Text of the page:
The Sleep Apnea cardioVascular Endpoints (SAVE) trial: Rationale, ethics, design and progress

Nicholas Antic, Emma Heeley, Craig Anderson, Yuanming Luo, Jiguang Wang, Bruce Neal, Ron Grunstein, Ferran-Eduard Barbe Illa, Geraldo Lorenzi-Filho, Shao-Guang Huang, Susan Redline, Nanshan Zhong, Ronald McEvoy

    Research output: Contribution to journalArticlepeer-review

    30 Citations (Scopus)


    The Sleep Apnea cardioVascular Endpoints (SAVE) study is an ongoing investigator-initiated and conducted, international, multicenter, open, blinded endpoint, randomized controlled trial that was designed to determine whether treatment of obstructive sleep apnea (OSA) with continuous positive airways pressure (CPAP) can reduce the risk of serious cardiovascular (CV) events in patients with established CV disease (clinical trial registration NCT00738179). The results of this study will have important implications for the provision of health care to patients with sleep apnea around the world. The SAVE study has brought together respiratory, sleep, CV and stroke clinicians-scientists in an interdisciplinary collaboration with industry and government sponsorship to conduct an ambitious clinical trial. Following its launch in Australia and China in late 2008, the recruitment network expanded across 89 sites that included New Zealand, India, Spain, USA, and Brazil for a total of 2,717 patients randomized by December 2013. These patients are being followed until December 2015 so that the average length of follow-up of the cohort will be over 4 y. This article describes the rationale for the SAVE study, considerations given to the design including how various cultural and ethical challenges were addressed, and progress in establishing and maintaining the recruitment network, patient follow-up, and adherence to CPAP and procedures. The assumptions underlying the original trial sample size calculation and why this was revised downward in 2012 are also discussed.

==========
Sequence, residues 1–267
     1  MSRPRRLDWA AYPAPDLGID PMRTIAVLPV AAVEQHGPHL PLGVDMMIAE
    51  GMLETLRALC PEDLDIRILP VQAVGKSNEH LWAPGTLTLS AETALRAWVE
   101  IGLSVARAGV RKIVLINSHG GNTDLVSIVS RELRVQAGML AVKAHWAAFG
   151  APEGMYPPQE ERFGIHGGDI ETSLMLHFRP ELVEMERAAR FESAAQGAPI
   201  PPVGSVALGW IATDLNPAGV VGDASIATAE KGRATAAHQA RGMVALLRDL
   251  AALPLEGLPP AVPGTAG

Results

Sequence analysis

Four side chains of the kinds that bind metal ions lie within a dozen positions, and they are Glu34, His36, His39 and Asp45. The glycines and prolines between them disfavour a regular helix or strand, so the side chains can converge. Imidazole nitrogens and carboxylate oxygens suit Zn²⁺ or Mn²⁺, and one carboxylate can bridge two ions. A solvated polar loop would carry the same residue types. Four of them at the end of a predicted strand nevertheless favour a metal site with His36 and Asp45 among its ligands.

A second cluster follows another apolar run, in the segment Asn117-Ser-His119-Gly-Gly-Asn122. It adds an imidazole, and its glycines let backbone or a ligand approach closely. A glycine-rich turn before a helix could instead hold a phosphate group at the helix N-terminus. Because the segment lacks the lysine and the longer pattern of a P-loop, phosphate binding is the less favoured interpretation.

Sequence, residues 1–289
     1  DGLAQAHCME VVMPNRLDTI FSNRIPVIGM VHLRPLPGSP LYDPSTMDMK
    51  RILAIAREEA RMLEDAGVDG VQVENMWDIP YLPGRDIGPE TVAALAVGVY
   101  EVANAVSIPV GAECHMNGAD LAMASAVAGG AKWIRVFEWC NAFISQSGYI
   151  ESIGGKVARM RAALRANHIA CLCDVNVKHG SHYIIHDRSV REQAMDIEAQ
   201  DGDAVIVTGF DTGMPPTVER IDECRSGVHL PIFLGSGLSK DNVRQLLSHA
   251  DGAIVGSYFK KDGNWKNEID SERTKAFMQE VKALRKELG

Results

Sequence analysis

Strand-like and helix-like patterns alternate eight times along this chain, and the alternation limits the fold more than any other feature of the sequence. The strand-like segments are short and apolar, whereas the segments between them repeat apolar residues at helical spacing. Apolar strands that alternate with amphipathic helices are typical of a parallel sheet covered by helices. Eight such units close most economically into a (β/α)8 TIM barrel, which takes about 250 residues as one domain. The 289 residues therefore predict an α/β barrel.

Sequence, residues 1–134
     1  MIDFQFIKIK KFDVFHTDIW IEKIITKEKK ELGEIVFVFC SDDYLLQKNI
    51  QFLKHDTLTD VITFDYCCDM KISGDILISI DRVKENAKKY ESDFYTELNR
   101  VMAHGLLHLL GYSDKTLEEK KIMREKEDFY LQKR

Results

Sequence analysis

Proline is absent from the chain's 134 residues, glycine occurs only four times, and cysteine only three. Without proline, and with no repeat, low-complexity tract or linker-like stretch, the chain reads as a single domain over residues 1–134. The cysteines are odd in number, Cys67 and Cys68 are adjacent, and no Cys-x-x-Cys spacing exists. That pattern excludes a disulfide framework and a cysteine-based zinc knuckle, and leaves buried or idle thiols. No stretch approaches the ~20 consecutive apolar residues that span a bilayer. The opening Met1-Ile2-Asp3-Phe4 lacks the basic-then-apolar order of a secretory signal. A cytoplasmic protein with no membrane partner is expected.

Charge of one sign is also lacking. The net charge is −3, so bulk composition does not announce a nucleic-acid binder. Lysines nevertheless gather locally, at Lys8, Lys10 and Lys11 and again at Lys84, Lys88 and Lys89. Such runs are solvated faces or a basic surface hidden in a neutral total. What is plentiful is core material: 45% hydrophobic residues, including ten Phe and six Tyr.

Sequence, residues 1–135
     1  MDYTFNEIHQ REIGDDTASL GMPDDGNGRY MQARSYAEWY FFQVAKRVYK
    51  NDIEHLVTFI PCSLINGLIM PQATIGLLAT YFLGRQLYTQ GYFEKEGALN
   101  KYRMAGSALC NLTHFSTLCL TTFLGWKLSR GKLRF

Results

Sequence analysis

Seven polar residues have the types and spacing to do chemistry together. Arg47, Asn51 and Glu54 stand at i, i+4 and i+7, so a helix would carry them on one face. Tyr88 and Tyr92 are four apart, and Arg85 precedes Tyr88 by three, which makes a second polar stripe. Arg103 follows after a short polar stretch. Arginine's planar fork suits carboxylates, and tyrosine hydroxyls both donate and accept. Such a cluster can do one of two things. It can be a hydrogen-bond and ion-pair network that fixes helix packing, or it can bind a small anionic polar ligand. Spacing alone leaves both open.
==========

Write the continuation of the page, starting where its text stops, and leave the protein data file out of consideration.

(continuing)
Original languageEnglish
    Pages (from-to)1247-1257
    Number of pages11
    Issue number8
    Publication statusPublished - 1 Aug 2015


    • Cardiovascular
    • Clinical trial
    • OSA
    • Outcomes


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